rticle/politics/mike-pence-wisconsin-socialism
/

The Joss Whedon script for Serenity, where Wash lives, is Serenity-190pages.pdf at www.mediafire.com/folder/1uwh75oa407q8/Firefly



Hmmmmmmmm...

Maybe they're just appealing to their base?

Everybody to the right of Obama has been called "alt-right" and has been abused by the Left for the last 4 years. Articles 6 months to a year ago were going as far as to say that Obama was a Republican. (You won't see those articles now, of course, since they need Obama to raise money for Biden... but they were there).

It sure seems like you're a revolutionary if you're not a wear-a-mask-and-bend-the-knee Liberal in 2020.

Incidentally, this is why Democrats are fucked when Generation Zed starts voting too.

Somehow you lefty idiots made being Republican cool. Lord knows that Republicans weren't ever going to figure out a way to do that themselves.

Do Right, Be Right. :)

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Sunday, August 2, 2020 2:45 PM

SECOND

The Joss Whedon script for Serenity, where Wash lives, is Serenity-190pages.pdf at www.mediafire.com/folder/1uwh75oa407q8/Firefly


Quote:

Originally posted by 6IXSTRINGJACK:

Hmmmmmmmm...

Maybe they're just appealing to their base?

Everybody to the right of Obama has been called "alt-right" and has been abused by the Left for the last 4 years. Articles 6 months to a year ago were going as far as to say that Obama was a Republican. (You won't see those articles now, of course, since they need Obama to raise money for Biden... but they were there).

It sure seems like you're a revolutionary if you're not a wear-a-mask-and-bend-the-knee Liberal in 2020.

Incidentally, this is why Democrats are fucked when Generation Zed starts voting too.

Somehow you lefty idiots made being Republican cool. Lord knows that Republicans weren't ever going to figure out a way to do that themselves.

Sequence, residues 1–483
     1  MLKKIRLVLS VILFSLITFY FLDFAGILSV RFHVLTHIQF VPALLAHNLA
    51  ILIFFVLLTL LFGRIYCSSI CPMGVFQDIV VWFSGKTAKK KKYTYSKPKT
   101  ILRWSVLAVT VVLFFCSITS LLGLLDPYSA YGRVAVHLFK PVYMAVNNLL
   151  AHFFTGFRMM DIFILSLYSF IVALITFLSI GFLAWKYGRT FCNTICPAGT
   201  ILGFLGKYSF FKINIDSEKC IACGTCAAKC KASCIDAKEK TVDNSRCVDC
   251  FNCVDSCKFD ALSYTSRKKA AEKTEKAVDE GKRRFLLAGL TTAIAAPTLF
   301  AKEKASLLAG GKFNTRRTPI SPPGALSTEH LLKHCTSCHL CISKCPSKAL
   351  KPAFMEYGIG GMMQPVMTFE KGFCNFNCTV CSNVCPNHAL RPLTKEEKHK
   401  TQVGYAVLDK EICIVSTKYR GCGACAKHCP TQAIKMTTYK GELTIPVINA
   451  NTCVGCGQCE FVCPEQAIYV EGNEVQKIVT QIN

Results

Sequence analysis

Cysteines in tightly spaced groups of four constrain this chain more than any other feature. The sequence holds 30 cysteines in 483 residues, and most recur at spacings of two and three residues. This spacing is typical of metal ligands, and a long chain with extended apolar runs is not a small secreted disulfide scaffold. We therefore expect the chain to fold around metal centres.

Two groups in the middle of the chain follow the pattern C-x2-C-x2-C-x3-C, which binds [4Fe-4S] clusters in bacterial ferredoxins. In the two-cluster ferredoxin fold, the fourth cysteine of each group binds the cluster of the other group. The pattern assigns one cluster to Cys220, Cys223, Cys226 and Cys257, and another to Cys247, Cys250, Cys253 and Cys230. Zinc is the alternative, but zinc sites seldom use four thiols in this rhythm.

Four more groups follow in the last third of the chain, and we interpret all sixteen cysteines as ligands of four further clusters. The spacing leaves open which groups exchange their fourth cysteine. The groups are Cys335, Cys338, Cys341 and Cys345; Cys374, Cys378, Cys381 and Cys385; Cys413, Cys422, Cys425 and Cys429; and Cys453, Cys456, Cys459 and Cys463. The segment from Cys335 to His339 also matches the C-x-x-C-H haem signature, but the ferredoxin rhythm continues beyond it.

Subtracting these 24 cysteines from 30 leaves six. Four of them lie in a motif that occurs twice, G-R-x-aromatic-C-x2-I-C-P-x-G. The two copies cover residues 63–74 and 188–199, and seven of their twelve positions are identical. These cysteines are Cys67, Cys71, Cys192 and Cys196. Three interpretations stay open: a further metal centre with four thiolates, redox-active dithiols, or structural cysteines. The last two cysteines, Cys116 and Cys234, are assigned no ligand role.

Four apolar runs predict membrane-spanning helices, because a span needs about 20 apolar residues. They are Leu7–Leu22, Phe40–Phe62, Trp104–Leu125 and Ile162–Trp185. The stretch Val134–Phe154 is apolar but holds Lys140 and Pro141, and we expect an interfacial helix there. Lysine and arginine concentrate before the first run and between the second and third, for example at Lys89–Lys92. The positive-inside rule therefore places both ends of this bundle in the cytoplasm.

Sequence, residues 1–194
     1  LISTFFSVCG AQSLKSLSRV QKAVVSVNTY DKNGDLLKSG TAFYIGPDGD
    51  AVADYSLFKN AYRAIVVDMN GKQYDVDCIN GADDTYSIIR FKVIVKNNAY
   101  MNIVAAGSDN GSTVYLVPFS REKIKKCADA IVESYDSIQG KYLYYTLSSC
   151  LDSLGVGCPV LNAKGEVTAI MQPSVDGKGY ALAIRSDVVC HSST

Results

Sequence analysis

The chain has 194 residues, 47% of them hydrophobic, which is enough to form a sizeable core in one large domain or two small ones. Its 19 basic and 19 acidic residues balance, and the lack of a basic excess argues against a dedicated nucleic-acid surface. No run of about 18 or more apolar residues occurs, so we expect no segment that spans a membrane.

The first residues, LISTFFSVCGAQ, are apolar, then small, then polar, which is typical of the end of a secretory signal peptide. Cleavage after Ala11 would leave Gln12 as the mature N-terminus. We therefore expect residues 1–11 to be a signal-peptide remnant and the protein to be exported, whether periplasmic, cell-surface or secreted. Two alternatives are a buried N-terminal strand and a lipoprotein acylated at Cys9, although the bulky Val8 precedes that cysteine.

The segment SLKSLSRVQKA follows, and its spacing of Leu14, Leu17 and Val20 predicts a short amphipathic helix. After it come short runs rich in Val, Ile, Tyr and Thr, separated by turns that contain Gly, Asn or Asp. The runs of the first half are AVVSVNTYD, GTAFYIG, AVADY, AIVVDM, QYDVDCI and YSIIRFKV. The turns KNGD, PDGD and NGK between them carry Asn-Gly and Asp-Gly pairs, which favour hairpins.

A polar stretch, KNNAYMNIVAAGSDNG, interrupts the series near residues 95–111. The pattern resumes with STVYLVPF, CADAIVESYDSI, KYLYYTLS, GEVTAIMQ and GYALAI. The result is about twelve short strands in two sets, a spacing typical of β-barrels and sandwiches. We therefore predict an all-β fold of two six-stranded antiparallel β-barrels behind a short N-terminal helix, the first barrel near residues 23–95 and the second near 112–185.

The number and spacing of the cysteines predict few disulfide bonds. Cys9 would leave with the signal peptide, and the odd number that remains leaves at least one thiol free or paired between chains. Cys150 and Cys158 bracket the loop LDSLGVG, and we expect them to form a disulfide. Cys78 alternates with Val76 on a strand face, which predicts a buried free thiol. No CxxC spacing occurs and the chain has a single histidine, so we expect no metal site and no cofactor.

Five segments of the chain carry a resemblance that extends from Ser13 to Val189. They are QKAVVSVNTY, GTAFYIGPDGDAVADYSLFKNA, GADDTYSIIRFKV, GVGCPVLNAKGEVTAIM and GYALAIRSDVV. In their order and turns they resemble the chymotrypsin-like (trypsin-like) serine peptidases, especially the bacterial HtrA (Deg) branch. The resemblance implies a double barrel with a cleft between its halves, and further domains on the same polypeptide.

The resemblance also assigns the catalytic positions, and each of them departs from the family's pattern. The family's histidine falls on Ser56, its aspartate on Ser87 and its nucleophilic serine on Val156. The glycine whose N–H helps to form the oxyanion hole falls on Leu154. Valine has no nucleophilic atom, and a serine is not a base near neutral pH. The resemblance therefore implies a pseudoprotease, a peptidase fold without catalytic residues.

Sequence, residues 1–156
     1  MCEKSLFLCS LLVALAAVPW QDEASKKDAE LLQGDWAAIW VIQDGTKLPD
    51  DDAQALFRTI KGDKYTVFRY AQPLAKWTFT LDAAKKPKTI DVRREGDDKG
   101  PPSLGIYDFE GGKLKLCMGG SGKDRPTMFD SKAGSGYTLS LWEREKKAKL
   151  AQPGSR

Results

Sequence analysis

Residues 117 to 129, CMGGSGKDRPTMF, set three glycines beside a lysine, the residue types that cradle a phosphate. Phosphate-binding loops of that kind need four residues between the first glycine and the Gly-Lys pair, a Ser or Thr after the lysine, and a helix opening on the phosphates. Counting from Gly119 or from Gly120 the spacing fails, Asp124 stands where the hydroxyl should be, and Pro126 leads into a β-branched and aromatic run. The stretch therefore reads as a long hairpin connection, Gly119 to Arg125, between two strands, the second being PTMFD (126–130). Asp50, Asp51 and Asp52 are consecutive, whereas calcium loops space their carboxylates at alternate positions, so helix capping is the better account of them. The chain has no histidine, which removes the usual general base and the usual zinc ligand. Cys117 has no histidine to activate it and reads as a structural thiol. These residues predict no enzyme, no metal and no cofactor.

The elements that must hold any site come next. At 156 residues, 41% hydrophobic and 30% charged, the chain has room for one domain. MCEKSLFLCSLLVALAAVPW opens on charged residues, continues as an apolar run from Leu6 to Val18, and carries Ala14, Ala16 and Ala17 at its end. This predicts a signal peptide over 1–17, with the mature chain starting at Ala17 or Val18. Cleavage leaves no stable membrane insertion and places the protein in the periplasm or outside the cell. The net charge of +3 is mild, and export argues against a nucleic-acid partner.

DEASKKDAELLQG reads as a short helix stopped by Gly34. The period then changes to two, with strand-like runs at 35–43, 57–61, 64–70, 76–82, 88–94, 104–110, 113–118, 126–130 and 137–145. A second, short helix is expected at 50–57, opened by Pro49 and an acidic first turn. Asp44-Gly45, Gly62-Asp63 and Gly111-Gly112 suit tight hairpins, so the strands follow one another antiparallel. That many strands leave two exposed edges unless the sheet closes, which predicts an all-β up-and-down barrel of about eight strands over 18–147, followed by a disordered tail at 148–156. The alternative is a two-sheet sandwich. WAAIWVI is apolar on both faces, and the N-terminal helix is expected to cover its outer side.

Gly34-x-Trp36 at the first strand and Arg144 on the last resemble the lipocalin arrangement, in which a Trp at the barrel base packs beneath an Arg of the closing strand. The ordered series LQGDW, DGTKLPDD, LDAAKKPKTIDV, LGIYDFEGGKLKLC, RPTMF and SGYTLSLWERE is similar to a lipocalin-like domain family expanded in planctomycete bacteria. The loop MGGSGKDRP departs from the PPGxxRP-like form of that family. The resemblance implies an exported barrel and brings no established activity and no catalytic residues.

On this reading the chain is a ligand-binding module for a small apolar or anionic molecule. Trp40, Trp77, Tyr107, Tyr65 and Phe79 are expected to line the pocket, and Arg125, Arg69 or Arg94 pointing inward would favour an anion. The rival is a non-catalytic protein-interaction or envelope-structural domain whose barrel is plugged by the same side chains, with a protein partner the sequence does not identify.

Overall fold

Do Right, Be Right. :)

If you google the words party affiliation by age, it does NOT support the idea of the GOP IS THE WAVE OF THE FUTURE. www.google.com/search?q=party+affiliation+by+age

The Future is most likely gridlock in Congress and the Presidency switching back and forth between D and R.

The Joss Whedon script for Serenity, where Wash lives, is Serenity-190pages.pdf at www.mediafire.com/folder/1uwh75oa407q8/Firefly

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Monday, August 3, 2020 9:01 PM

REAVERFAN



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Tuesday, August 4, 2020 1:07 AM

6IXSTRINGJACK

[/i]


Quote:

Originally posted by second:
Quote:

Originally posted by 6IXSTRINGJACK:

Hmmmmmmmm...

Maybe they're just appealing to their base?

Everybody to the right of Obama has been called "alt-right" and has been abused by the Left for the last 4 years. Articles 6 months to a year ago were going as far as to say that Obama was a Republican. (You won't see those articles now, of course, since they need Obama to raise money for Biden... but they were there).

It sure seems like you're a revolutionary if you're not a wear-a-mask-and-bend-the-knee Liberal in 2020.

Incidentally, this is why Democrats are fucked when Generation Zed starts voting too.